Ways to differentiate tenacity from pushing:

• There’s a “deliciousness” to tenacity. It’s stretching you, like when you use muscles you haven’t before, but you’re not collapsing.

• If you feel “shut down” (or want to shut down), you’ve probably been pushing. Remember that if someone physically pushes you, it’s a reflex to either push back, flee the scene, or freeze because you’re so stunned. All of that is tremendously rough on the nervous system, particularly if it happens again and again.

• When you are tenacious, you quit while you’re ahead. You end for the day feeling alert, maybe slightly used up, but not so used up that you want to avoid your project tomorrow. You’ve used up a good bit of energy, but you feel like there’s more where that came from rather than “totally wiped out.”

• If you sense a lot of inner conflict, like you’ve got one foot on the accelerator and one on the brake, you’ve probably crossed over into “push mode.” When we’re tenacious, we stay aligned with a certain lightness. It doesn’t feel like a slog.

Really getting this difference is not an intellectual exercise — don’t let your mind tell you what’s “enough” for the day. It’s a visceral thing, and it takes practice. Twenty-plus years of learning here for me and I still overdo it at times, still get caught.

So I need to keep checking in with myself, notice what works for me and what doesn’t, notice where I’m getting sucked into what I think I “should” do rather than what feels truly supportive and effective for me.

(For more related to this topic, you might find this post and this post helpful.)

What do you notice about the different between pushing and tenacity for you? Is it subtle, or more pronounced? I’d love to hear from you.

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Above images of squirrel monkeys by RaychanVincent van Zalinge, and Diego Guzmán, respectively, on Unsplash

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4 thoughts on “There are always alternatives to pushing yourself

  1. Love the bullet point distinctions for telling the difference between pushing and tenacity – it can be really hard to tell the difference! I know my ways pretty well at this point and I too still need to course correct a fair bit. I’ve found getting support from people who understand the specific thing {work, in my case} has been huge in helping me see where I can adjust things to get the same or better results with much less pushing and more rest! I think perhaps when you love your work that line becomes even more blurry, because it’s fulfilling to do it. But you still need a break from it, to not always be in that specific headspace.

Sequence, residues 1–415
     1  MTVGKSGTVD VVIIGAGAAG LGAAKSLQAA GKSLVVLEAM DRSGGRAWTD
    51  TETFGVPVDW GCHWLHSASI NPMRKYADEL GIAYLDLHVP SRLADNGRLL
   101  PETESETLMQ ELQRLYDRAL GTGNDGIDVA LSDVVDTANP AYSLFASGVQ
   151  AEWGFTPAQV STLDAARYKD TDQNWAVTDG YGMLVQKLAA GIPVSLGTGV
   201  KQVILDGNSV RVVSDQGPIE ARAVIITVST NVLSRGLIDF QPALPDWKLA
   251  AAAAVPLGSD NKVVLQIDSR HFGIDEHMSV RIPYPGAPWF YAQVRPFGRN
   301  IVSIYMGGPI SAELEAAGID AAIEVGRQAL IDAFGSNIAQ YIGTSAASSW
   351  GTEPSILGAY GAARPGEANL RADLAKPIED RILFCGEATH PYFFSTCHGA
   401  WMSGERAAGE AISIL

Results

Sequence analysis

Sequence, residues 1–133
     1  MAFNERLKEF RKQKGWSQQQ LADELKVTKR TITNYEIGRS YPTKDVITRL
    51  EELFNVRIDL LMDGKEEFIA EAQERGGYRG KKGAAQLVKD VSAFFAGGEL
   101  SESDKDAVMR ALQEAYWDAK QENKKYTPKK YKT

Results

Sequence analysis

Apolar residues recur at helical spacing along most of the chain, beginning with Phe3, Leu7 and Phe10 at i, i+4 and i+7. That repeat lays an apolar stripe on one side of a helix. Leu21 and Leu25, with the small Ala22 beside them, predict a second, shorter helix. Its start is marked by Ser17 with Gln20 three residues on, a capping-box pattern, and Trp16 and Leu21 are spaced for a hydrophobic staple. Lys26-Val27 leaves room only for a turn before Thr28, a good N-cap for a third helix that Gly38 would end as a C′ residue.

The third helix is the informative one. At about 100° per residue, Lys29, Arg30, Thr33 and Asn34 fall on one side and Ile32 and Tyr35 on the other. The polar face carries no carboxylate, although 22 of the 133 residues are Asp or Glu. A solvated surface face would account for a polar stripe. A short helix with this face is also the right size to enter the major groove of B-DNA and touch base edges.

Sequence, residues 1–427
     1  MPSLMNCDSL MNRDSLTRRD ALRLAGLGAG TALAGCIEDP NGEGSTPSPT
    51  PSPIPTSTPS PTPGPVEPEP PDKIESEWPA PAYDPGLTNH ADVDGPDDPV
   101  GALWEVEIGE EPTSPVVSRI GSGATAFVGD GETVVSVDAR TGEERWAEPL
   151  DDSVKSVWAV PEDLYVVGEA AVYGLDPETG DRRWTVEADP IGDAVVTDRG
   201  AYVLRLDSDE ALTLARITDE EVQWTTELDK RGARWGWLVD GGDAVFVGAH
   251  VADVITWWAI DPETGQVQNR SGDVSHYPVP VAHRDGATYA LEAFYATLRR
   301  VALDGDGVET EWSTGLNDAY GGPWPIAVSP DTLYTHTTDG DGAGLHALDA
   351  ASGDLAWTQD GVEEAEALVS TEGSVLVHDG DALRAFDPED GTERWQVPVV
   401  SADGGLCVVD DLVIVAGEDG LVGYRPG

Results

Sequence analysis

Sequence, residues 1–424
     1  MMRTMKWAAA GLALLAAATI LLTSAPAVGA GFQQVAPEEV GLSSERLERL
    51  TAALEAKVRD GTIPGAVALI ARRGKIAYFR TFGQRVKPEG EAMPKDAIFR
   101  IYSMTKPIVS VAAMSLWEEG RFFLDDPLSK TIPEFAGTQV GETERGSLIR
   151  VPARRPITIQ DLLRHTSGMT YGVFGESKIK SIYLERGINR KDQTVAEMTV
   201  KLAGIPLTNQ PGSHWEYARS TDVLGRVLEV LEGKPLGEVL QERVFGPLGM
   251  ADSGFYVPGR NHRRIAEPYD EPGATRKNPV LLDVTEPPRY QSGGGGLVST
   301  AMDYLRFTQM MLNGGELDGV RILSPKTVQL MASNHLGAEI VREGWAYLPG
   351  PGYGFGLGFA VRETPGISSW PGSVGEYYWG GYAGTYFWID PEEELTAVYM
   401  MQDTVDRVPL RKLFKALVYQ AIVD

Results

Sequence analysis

Liked by 1 person

    • Good to hear from you, Tara! I definitely agree that getting support can be so helpful in allowing us to see where we don’t need to push — and that when we love what we’re doing, that line between pushing and tenacity can become blurry — great point! Sometimes I notice I’ve crossed over (seemingly suddenly) from “in the zone” to “forcing it.” Really interesting to see when/how that happens. Thanks for sharing! 🙂

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  2. I love this, Jill. I’m finding that as I age, my body is sending me much clearer messages about the time to quit or simply slow down. In mid afternoon, when I begin to feel really out of it, I have no choice but to get under the covers and sleep for 30 to 45 minutes. When I wake up, I’m back to being able to get back to what needs to be accomplished. It’s magic!

    Liked by 1 person

    • Joan, I hear you! I’ve been dealing with neck pain for a while, and I find that if I rest for a bit in the afternoon as soon as I feel an inkling of pain, I am helped SO much. (Our animal companions are excellent role models here — they don’t hesitate to rest when they need it!) So great that you are getting those clear messages and responding to them! Wonderful to hear from you. 🙂